**1 :**How much would it cost to build a patio?

This is an example of a question that might occur to (or be asked of) you at some
point in your life. If this is all you are given, then it seems impossible to
answer the question. In reality it is most often the case that this is how
a problem is presented; someone will ask a generic question or hand you
a problem, with little information attached and tell you to “just figure it
out”. This means we must use our own problem solving skills to come to a
solution.

Question Phase: First we need to acquire information. In this case we might ask questions like:

- What do we want to make the patio out of?
- What size is the patio?
- What kind of expertise is required to build the patio?

Usually it’s not clear what information is useful and what information is not
(information that is not useful is often called *extraneous* information). One way to
determine this, and a way to figure out how to get to an answer to our original
question, is to try and convert the information we have into quantified information or
”data”. Once we have done that, we can create a model which relates the data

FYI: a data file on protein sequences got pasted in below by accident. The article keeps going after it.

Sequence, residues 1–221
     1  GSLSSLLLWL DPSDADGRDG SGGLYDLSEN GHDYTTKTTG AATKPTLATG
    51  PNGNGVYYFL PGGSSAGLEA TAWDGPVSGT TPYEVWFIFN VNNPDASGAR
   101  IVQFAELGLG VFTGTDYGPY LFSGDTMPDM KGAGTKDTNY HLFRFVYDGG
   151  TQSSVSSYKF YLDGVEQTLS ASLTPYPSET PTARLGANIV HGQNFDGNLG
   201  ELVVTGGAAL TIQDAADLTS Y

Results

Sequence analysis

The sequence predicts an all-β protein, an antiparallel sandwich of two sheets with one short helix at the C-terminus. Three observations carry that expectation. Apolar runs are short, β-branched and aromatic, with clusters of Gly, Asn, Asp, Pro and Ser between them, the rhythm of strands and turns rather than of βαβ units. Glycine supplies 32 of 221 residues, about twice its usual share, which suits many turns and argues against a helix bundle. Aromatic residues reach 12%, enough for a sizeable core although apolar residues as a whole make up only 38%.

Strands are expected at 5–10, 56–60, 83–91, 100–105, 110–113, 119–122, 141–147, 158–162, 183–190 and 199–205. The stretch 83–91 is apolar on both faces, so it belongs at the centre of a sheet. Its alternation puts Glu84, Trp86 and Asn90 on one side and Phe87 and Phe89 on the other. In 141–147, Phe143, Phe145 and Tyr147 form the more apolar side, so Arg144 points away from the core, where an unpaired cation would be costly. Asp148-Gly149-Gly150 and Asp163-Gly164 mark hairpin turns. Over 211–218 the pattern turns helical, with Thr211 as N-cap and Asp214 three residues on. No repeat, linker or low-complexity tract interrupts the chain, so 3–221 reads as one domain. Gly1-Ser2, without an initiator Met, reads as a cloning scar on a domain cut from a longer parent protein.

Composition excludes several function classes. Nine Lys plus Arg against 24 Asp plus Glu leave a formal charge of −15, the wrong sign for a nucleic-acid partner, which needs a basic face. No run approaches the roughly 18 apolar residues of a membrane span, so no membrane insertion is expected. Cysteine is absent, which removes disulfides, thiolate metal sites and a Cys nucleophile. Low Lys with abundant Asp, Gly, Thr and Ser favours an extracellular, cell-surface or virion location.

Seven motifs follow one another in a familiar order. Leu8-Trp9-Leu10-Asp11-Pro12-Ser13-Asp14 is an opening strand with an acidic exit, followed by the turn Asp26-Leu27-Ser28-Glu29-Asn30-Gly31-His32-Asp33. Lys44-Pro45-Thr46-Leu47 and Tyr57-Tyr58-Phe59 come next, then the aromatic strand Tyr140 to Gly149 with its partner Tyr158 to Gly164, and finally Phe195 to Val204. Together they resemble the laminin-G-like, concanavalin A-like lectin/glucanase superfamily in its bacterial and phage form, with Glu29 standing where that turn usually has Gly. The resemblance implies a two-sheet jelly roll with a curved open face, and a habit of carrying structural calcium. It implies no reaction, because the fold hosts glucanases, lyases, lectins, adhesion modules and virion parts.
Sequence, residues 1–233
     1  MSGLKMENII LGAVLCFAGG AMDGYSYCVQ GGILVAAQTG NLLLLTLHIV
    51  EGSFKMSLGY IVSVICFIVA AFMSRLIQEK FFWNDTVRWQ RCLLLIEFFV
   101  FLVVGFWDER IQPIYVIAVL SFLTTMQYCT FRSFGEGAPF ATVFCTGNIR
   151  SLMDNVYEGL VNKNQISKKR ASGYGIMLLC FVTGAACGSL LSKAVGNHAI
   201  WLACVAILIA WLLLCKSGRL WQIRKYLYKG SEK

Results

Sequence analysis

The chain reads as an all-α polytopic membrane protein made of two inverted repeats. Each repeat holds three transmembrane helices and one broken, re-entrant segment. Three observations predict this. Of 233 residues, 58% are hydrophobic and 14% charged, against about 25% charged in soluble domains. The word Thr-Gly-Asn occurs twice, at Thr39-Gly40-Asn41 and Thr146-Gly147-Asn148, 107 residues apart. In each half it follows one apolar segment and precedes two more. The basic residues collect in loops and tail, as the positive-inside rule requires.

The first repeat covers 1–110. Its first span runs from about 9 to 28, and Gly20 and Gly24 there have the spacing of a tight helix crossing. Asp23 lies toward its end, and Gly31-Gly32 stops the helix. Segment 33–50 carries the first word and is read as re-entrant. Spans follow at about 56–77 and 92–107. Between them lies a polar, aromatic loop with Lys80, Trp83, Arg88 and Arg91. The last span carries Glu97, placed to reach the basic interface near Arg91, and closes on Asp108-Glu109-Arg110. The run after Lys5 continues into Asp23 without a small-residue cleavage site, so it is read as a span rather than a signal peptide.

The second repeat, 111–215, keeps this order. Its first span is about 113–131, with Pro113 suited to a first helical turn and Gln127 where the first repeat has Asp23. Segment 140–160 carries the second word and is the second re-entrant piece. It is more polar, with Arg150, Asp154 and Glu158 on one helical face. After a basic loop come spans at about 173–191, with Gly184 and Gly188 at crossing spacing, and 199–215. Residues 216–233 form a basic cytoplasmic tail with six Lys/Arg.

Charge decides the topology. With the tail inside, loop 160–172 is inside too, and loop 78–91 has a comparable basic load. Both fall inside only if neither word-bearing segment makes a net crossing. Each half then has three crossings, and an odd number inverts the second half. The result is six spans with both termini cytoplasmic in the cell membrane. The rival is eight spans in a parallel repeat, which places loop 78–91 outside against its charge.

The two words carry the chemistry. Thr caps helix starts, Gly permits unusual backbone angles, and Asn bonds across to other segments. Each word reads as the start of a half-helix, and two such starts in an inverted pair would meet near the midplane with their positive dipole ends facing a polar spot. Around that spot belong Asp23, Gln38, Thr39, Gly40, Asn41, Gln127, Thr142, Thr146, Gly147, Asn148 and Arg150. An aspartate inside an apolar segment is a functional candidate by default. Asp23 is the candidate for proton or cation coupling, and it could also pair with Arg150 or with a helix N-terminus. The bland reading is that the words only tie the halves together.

together, and then manipulate the model to arrive at our result (ie the answer to our
problem).

Modeling Phase: Thus, we might end our process with something that looks like this:

- = The number of bricks needed to build our patio
- = The cost of the patio (in dollars).
- = The area of the patio (in square feet).

At first glance the above may seem confusing, and in fact it should be. The problem
is that we’ve ”jumped to the end” and have just a bunch of equations and variables.
But, the intervening steps that let us go from the ”questioning” phase to
the ”modeling” phase are where the ”mathematical reasoning” comes into
play.

What kind of problems are most likely to involve/require ‘mathematical reasoning’?